Facing the Dragon – Poems by Gilda Morina Syverson
In my full-length poetry book, Facing the Dragon, poet Anthony S. Abbott points out that “The dragon, of course, is death and here in this passionate circle of poems, Syverson thinks of the self, struggling to find an identity, a calling, before it is too late.” These poems are about my family, both here and those whose memories haunt me from the other side of the veil. Despite my obsession with death, I endure through these poems and through life.
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“Beauty,” said Gerard Manley Hopkins, “is always almost gone.” Gilda Morina Syverson recognizes that fact profoundly in her new book of poems, FACING THE DRAGON. The dragon, of course, is death, and here in this passionate circle of poems, Syverson thinks of the self, struggling to find an identity, a calling, before it is too late; she thinks of family, especially her Sicilian family, and how they have disappeared into that other world and how they come back to haunt her, how they come back as messengers from that elusive God we search to name. In dreams and conversations with the dead Syverson plumbs for clues to the mystery. Like the juggler in her brilliant final poem, she keeps five balls in the air, which we as readers can then hold in balance in our own imaginations.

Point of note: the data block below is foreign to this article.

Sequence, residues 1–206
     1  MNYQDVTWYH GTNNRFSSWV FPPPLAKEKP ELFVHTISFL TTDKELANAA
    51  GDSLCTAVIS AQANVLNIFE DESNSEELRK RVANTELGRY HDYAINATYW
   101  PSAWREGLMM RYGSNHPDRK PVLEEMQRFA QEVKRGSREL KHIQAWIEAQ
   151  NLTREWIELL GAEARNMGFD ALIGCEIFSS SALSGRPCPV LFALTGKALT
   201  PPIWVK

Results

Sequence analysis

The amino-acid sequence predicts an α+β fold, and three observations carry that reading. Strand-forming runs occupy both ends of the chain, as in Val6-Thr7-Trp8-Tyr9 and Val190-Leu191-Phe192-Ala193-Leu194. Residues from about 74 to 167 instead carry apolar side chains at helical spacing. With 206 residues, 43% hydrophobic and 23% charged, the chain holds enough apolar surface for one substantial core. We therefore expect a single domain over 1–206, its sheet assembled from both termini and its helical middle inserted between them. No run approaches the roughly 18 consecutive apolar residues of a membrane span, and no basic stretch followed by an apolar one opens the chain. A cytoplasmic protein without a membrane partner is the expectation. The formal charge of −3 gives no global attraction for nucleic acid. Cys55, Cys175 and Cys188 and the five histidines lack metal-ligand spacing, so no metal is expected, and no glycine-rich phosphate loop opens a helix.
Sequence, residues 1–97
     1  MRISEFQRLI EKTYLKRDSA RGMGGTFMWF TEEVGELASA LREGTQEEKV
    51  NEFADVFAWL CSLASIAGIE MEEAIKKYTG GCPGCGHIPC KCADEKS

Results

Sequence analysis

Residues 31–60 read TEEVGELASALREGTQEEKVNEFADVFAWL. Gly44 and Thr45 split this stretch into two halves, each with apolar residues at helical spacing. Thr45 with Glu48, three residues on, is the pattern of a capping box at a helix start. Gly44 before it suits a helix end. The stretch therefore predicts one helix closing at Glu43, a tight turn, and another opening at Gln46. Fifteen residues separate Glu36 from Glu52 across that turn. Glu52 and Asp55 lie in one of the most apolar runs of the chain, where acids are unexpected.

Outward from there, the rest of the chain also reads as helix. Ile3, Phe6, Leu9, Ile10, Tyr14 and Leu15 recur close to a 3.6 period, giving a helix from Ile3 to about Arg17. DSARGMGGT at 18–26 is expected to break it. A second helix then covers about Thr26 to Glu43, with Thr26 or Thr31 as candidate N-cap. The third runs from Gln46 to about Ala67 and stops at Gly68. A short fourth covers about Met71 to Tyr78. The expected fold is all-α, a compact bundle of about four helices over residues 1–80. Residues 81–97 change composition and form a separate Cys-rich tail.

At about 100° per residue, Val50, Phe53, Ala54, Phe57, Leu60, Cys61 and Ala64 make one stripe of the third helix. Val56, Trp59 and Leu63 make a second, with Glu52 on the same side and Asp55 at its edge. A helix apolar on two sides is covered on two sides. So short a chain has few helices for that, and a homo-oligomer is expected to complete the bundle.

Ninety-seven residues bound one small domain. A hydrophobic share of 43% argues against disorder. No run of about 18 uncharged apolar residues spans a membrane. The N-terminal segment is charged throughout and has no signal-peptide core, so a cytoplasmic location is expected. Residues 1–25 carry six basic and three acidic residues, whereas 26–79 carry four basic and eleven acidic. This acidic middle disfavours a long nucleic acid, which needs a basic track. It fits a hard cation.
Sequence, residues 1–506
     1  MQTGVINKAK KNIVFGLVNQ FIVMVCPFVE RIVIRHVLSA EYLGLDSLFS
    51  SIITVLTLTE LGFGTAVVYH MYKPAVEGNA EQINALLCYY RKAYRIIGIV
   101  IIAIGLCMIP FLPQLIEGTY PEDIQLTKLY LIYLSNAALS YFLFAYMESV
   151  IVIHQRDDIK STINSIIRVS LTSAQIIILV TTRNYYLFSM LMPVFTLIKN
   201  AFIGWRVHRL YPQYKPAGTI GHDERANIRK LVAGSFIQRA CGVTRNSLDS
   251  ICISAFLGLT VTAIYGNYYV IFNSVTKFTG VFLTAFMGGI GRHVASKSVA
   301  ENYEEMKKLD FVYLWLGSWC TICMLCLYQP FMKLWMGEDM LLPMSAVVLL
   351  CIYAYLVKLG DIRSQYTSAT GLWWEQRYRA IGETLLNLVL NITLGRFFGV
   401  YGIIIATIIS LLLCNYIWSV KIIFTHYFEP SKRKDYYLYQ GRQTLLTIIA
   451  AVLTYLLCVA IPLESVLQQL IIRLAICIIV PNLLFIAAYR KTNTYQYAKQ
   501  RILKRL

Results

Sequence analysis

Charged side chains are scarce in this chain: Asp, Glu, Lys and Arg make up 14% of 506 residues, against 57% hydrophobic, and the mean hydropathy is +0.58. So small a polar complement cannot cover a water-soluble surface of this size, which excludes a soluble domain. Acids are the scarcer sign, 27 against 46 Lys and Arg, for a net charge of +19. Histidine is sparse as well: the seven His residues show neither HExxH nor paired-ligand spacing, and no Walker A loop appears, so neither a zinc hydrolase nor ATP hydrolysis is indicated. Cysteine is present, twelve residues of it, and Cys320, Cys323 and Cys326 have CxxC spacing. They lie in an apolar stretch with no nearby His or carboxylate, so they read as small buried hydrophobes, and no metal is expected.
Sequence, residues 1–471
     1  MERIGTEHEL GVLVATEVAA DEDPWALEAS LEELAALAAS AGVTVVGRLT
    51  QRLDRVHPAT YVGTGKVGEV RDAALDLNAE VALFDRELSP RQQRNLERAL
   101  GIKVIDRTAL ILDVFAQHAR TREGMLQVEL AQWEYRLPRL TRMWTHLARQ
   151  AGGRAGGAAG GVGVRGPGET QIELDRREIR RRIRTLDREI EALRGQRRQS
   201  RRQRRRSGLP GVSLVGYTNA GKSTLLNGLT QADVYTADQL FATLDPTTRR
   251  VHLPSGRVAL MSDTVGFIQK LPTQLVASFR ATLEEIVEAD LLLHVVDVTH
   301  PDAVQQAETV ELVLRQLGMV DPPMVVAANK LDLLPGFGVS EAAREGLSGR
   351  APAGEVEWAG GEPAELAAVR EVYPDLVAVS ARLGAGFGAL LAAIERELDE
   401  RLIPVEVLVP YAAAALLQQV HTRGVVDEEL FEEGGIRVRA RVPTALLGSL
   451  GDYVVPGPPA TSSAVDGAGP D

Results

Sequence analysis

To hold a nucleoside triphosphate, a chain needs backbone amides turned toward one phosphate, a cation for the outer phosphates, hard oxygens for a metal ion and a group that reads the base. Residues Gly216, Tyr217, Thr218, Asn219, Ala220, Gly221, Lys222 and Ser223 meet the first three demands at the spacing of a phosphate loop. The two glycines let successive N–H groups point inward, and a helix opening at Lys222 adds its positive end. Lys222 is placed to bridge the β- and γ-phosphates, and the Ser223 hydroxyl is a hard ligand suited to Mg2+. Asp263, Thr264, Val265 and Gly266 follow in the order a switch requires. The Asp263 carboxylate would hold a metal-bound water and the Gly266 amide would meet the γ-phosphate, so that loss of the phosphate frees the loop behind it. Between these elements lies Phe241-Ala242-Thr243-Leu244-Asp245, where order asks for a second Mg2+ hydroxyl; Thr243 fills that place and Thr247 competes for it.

—Anthony S. Abbott
Read Gilda Syverson’s Facing the Dragon and you will know the rigorous pull of this circus we call family, how it frames our identity, how it hurls us back in time to the land of our forefathers — in this case Sicily — where loved ones “moved together up and down / hills, over the bridge from old town / to new, walked arm in arm…” the way this poet walks so engagingly arm in arm with dream, with memory, with loss, with fear, with those she’s loved, living and dead.
—Dannye Romine Powell
Readers will discover many fine things in Gilda Morina Syverson’s Facing the Dragon, including the loving evocations of Italian American family life in the book’s second section. But the third and final section is worth the price of admission all by itself: here, in poignant detail and with unfailing compassion, she presents an accumulating montage of death and mourning which becomes, in its refusal of all false and easy consolations, an affirmation of life and the will to endure.